and if I recall correctly, the only thing in those instances are things like a local variable for each value in the inner function's environment, like prefix in your example, and the constructor does not do anything except assign values to those fields and return, so they should be as light weight as any constructor can be.


this is a great answer, thanks a lot! this was exactly what i was wondering, so the good news is that all this integrates really well into the JIT of the JVM 🙂


Since I have seen a similar question only a couple of weeks ago, and did most of this investigation at that time, I decided to put the results into a short article that you might find interesting:


it’s great


Let's say I have a macro that I want to conditionally define a few functions depending on its input — how can I break out the 'function-building' part into functions? For instance, let's say I have something like:

(defmacro foo [x]
  `(if (even? ~x)
     (defn ~(symbol (str "foo-" x) [] (inc x)))
     (defn ~(symbol (str "bar-" x)) [] (dec x))))
and I want to turn this into something like
(defn make-foo [x] `(defn ~(symbol (str "foo-" x) [] (inc x))))
(defn make-bar [x] `(defn ~(symbol (str "bar-" x) [] (inc x))))
(defmacro foo [x] `(if (even? ~x) (make-foo ~x) (make-bar ~x))) can I get the result of make-foo and make-bar to be evaluated?


actually maybe this is a bad example


What I'm actually doing is:

(defmacro foo [x]
  `(let [x# (some-fn x)]
     (if (even? x#)
       (make-foo x#)
       (make-bar x#))))


and what ends up happening here is that my defns end up getting returned to the code calling the macro without being evaluated


def  prefix explains that the function define a `var` in the namespace. And, `def*`  calls must be top level calls. Any other usage of them is not right.


I'd do ~(make-foo x#) to solve this but that doesn't work because x# isn't available unquoted


I recommend you to consider about your data-flow again.


@U3JJH3URY if that's the case, you should probably stop using defn 😉


Sorry to bother you, it’s a common knowledge, I just wanted to inform you.


I'm aware that non-top-level defs are typically discouraged, but there are places where it's appropriate to make use of them (like in the definition of defn)


just wanted to inform you back 🙂


you're calling functions from a macro that just return lists of symbols. for make-foo and make-bar to be macro expanded into the defn for evaluation, they need to be macros not functions ... does that make sense?

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but, if you're always passing in literal values like that, you could take the syntax quote out and just return the code from foo?

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Timur Latypoff14:11:18

Are there any editors (or IDE plugins) that somehow highlight the S-expressions which return values from a function? Or maybe there's an easy heuristic that everybody uses? As a newbie-lisper, I find it really difficult to mentally parse a large nested structure of let/loop/if/do/implicit-do to find all the places where expressions' values are not discarded and they form function's return values.


I do not know of any editor/IDE help related to this, but I haven't looked for such a thing, either.


I would suggest that another technique that would help with this, and perhaps have other benefits as well, is to make some effort at breaking sub-expressions within a large block of code into separate functions.


In general, smaller expressions / functions make it easier to understand a lot of things about them, including what you asked about, and can also make it easier to develop and test the smaller functions, sometimes separately.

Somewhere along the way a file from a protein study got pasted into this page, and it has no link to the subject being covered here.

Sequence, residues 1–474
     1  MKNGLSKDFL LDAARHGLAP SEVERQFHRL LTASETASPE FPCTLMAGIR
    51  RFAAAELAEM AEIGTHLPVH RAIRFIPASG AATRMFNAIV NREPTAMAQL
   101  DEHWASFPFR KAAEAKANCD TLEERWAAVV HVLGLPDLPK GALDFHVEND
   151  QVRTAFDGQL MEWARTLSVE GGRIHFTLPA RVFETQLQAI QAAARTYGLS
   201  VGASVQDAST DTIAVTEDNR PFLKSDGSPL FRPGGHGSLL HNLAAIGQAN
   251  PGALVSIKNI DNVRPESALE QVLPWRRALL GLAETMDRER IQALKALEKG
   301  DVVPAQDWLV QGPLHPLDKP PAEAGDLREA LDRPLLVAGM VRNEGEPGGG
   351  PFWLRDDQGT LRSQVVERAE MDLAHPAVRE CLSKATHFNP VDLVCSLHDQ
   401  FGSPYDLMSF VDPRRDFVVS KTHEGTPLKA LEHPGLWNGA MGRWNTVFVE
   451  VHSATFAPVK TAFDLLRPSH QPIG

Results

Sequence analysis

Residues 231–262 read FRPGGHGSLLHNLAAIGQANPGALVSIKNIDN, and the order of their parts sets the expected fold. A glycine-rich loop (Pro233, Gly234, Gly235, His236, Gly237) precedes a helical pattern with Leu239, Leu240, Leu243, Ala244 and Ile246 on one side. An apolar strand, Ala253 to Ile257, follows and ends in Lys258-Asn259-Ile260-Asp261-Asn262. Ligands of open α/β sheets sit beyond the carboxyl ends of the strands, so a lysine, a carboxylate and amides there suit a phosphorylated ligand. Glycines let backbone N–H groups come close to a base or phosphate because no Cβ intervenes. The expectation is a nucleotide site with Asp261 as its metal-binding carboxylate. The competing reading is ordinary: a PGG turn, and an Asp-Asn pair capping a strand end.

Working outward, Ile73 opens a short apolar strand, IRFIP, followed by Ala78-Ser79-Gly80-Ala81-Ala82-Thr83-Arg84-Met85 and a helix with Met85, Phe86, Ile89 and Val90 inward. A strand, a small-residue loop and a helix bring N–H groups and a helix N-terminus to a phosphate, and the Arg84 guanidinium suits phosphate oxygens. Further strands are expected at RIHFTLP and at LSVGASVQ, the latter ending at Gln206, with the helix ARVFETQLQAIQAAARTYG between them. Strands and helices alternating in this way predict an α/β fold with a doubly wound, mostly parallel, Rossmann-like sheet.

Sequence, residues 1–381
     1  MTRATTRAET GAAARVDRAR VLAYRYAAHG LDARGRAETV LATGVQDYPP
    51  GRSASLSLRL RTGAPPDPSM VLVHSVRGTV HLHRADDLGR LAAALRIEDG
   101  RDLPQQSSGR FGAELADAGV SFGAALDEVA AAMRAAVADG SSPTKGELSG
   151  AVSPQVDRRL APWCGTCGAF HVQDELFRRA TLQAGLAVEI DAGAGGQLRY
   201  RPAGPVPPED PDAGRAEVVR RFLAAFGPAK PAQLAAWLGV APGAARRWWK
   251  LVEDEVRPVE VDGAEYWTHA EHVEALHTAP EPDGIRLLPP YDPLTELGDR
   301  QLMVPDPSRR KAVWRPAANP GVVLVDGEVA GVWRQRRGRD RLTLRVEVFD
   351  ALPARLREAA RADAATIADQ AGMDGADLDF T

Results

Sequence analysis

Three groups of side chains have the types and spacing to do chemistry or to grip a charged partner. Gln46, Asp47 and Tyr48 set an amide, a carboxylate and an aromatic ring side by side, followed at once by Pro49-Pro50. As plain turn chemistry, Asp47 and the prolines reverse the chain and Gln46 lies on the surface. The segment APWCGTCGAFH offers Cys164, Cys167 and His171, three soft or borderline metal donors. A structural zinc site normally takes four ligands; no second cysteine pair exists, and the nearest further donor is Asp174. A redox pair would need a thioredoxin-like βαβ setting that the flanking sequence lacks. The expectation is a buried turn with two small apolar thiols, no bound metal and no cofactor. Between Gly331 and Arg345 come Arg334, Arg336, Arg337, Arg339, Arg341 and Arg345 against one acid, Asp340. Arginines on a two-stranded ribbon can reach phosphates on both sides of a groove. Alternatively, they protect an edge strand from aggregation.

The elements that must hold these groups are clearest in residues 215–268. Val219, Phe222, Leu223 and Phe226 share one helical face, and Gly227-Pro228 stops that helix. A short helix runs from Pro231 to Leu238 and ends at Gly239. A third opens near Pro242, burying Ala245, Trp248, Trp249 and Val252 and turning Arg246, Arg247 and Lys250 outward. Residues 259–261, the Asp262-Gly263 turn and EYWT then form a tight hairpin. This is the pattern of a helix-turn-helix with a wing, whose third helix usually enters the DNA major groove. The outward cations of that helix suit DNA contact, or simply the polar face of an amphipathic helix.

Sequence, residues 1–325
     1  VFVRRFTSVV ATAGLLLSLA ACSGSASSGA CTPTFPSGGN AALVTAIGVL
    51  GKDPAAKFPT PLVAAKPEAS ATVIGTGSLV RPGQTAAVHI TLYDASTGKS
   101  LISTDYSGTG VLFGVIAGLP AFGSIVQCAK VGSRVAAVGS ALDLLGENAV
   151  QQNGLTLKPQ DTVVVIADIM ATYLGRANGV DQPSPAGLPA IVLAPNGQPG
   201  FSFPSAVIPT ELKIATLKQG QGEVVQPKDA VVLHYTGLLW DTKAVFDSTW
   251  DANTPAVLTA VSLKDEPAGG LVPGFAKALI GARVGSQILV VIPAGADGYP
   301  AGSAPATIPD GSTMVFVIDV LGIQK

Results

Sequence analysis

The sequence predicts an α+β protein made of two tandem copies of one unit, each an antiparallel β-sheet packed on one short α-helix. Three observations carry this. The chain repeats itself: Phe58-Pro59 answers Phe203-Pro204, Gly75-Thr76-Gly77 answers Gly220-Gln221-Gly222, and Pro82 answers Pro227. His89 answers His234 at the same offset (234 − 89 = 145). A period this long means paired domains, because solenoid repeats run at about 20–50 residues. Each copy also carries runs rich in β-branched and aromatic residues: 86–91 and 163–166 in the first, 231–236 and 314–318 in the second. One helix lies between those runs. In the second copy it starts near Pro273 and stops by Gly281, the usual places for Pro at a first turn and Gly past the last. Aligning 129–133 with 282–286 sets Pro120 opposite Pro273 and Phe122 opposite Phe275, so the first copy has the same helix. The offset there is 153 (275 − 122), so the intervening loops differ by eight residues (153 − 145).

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The most deeply nested code at any point is usually the final step I guess. But this isn't something I generally find myself searching for in my programs either.

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Timur Latypoff14:11:52

@U0CMVHBL2 I agree. I was just making some quick-and-dirty java-interop megafunction, and wondered if there's already such a "tail detection" implemented somewhere :)


Of the IDEs I know of, I don't have deep knowledge of them, but #cider has probably been around the longest, and #cursive has a full time commercial developer behind it, so those are the two IDEs that I'd guess have the most features, and therefore the most likely to have what you are asking for, if any of them do.


I’ve written some pretty gnarly clojure, and I’ve never had the problem of not being able to easily see the return form.


Curious if you have some sort of example. do blocks should be rare enough that they stand out.


Oh, you know what helps: indentation markers.


together with properly formatted code


(This is Cursive.) You can see the indentation markers on the left. Also, rainbow parens help to easily spot, e.g. where the finally block should go.

Timur Latypoff16:11:23

@U07S8JGF7 yeah, using these already. They help, but really don't give me feeling that I have everything covered. For example, upon careful examination, I see three tail positions in my code: 1. (recur) 2. :error 3. (swap!) But the function spans up a couple of screens more 🙂

Timur Latypoff17:11:42

Aaand I was wrong, these are not tail positions, because they turned out to be inside a doseq 😞


So, some things


This sort of side-effect heavy algorithm is never going to feel good in clojure.


There is an upside to that: It strongly encourages you to isolate side effects (which most developers are poor at).


The downside is: Any algorithm that really needs to be side-effect heavy is just going to feel bad.


IME those cases are relatively rare. It’s usually the case that I need to separate logic from side effects.


But those cases do exist. And they’re just not fun.

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Jonas Claesson16:11:14

I am writing a generative test case in kaocha, using fdef and a local function, but it seems like I get a null pointer exception when calling spec/exercise-fn. The function exercise-fn is calling is declared with letfn. Could that be the reason for my problems?